The Laws Of Thermodynamics
|✅ Paper Type: Free Essay||✅ Subject: Philosophy|
|✅ Wordcount: 1169 words||✅ Published: 28th Apr 2017|
This writing assignment explains some essential ideas about the Laws of Thermodynamics and how oranges exist given the Law of Thermodynamics, along with ideas of entropy. Oranges are considered structured because of the fact that entropy is an expression of the randomness or disorder as well as the energy from high temperature region to low temperature areas. Since orange molecules are not closed system and assuming that their entropy decreases, the energy flowing to the low temperature areas is able to make oranges to exist since the entropy is decreasing for those molecules hence the disorder is decreasing so the molecules can pull together or stay together.
Energy is defined as the ability to do work while thermodynamics is bringing about change in the study of energy. Energy exists in many forms, such as heat, light, chemical energy, and electrical energy.
Paul Davies, another well-known and popular author gives his views on the Laws of thermodynamics as," The second law of thermodynamics is often phrased by saying that every closed system tends towards a state of total disorder or chaos. One measure of the remorseless rise of chaos uses a quantity called 'entropy,' which is defined to be, roughly speaking, and the degree of disorder in a system. The second law then states that in a closed system the total entropy can never decrease; at best it remains the same. Almost all natural changes tend to increase the entropy, and we see the second law at work all around us in nature. One of the most conspicuous examples is in the way that the sun slowly burns up its nuclear fuel, spewing heat and light irretrievably into the depths of space, and raising the entropy of the cosmos with each liberated photon. Eventually the sun will run out of fuel and cease to shine. The same slow degeneration afflicts all the stars in the universe. In the mid-nineteenth century, this dismal fate came to be known as the 'cosmic heat death.'" [Davies, In About Time p. 34]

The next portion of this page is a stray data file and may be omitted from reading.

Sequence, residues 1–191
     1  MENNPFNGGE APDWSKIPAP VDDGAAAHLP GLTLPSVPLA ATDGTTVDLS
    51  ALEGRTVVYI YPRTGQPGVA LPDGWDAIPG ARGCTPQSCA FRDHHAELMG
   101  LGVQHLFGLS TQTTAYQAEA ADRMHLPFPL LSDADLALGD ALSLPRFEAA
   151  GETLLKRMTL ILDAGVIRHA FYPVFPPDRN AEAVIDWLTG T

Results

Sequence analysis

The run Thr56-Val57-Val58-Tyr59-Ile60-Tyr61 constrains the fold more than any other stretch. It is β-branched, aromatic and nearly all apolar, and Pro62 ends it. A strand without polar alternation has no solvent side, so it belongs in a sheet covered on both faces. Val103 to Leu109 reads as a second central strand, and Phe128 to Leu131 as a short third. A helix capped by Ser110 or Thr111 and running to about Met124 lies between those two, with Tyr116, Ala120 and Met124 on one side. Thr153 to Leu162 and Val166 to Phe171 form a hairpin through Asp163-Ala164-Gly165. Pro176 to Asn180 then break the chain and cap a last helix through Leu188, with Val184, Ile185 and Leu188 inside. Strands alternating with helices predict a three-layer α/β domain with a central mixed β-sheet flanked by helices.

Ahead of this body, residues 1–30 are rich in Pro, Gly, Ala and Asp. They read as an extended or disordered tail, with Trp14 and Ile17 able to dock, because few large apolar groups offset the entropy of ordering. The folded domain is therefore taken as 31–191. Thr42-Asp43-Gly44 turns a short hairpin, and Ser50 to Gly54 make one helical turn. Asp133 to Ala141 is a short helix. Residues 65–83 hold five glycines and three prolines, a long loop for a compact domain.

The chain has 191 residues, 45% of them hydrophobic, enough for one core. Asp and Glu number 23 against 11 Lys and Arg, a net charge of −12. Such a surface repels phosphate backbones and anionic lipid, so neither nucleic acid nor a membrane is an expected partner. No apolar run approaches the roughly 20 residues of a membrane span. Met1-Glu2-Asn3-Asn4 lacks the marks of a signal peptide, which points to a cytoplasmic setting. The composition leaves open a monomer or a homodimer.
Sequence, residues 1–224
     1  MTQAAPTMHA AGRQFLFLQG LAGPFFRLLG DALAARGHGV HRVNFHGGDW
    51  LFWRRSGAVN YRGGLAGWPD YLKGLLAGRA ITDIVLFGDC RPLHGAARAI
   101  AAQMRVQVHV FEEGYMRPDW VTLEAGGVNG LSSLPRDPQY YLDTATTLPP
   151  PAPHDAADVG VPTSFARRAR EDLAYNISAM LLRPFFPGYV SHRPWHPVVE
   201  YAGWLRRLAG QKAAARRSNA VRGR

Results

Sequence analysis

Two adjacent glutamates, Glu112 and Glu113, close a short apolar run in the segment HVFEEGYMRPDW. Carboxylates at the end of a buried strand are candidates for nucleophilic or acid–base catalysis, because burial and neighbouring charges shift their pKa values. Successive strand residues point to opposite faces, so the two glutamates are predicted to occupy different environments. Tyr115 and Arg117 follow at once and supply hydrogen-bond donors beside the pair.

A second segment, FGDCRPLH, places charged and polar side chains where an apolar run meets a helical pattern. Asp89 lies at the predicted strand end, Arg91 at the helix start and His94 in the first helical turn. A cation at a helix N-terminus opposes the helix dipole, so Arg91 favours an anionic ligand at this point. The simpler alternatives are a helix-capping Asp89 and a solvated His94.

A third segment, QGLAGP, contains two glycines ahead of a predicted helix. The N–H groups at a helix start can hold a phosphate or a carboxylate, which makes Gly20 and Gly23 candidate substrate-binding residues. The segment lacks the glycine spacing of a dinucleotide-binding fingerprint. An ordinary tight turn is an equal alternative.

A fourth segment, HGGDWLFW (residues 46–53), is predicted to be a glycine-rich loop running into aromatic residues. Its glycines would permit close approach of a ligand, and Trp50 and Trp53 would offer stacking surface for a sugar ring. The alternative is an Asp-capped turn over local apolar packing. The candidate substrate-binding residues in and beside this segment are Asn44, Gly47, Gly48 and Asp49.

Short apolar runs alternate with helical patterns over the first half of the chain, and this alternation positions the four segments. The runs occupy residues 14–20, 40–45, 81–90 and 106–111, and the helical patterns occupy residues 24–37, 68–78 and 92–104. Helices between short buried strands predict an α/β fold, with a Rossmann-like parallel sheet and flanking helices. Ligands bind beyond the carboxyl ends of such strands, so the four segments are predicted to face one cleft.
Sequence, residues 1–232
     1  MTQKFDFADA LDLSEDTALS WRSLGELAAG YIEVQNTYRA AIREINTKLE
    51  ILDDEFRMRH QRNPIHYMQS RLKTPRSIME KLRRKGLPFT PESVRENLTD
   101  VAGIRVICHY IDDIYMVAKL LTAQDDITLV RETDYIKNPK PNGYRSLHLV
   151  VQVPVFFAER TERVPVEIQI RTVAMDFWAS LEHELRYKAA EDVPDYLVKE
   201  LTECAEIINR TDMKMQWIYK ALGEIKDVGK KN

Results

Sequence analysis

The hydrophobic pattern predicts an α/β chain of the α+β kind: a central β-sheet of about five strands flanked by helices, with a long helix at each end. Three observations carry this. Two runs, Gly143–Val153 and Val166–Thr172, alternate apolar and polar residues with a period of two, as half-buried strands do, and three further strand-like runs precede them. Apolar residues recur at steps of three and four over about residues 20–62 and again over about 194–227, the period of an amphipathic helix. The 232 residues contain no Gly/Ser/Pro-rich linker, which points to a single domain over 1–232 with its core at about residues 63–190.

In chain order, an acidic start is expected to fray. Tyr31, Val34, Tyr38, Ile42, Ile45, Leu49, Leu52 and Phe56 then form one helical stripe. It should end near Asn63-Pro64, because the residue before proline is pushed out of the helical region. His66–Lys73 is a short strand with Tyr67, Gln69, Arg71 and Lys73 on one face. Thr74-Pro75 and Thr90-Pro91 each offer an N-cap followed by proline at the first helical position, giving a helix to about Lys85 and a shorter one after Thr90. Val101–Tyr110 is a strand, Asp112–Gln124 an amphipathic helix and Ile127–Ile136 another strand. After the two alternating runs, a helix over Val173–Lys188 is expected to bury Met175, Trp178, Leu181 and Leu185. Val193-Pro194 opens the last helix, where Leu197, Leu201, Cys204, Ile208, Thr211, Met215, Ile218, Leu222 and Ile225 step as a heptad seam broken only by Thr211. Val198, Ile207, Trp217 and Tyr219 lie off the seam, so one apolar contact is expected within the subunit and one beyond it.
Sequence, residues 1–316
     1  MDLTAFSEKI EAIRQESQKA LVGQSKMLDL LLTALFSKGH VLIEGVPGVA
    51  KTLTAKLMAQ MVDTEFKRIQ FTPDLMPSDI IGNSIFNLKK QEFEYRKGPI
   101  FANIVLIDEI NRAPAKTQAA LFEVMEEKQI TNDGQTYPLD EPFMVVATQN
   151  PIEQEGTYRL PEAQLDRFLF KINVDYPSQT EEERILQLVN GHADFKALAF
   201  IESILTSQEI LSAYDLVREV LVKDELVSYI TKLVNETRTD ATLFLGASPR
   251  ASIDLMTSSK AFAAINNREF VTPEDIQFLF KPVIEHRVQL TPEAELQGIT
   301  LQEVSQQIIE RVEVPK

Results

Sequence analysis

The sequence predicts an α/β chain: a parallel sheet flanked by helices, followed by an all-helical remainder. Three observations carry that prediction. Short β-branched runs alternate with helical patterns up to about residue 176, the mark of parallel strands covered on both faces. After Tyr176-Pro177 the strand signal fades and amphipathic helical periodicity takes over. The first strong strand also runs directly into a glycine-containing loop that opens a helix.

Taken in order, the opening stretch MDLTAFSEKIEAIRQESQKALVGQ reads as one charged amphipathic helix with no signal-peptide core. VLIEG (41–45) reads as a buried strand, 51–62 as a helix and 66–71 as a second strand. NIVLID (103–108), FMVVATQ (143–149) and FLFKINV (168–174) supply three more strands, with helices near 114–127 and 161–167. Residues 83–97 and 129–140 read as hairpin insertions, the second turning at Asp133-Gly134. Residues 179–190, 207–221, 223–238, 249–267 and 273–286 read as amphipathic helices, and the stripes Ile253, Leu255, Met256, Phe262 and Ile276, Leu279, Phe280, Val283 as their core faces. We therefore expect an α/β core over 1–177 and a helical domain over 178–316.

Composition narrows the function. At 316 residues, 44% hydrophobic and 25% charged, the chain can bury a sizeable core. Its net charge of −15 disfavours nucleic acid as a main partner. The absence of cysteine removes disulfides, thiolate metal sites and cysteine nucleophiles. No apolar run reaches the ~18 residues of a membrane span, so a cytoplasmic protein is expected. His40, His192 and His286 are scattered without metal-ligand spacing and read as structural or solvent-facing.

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The First Law of Thermodynamics states that energy can be changed from one form to another, but it cannot be created or destroyed. The total amount of energy and matter in the Universe remains constant, merely changing from one form to another. The First Law of Thermodynamics also called the law of conservation states that energy is always conserved; it cannot be created or destroyed. In essence, energy can be converted from one form into another.
The Second Law of Thermodynamics states that "in all energy exchanges, if no energy enters or leaves the system, the potential energy of the state will always be less than that of the initial state." This is also commonly referred to as entropy. Once the potential energy locked in carbohydrates is converted into kinetic energy (energy in use or motion), the organism will get no more until energy is input again. In the process of energy transfer, some energy will dissipate as heat. Entropy is a measure of disorder: cells are not disordered and so have low entropy. The flow of energy maintains order and life. Entropy wins when organisms cease to take in energy and die.
The third law of thermodynamics, formulated by Walter Nernst and also known as the Nernst heat theorem, states that if one could reach absolute zero, all bodies would have the same entropy. In other words, a body at absolute zero could exist in only one possible state, which would possess a definite energy, called the zero-point energy. This state is defined as having zero entropy.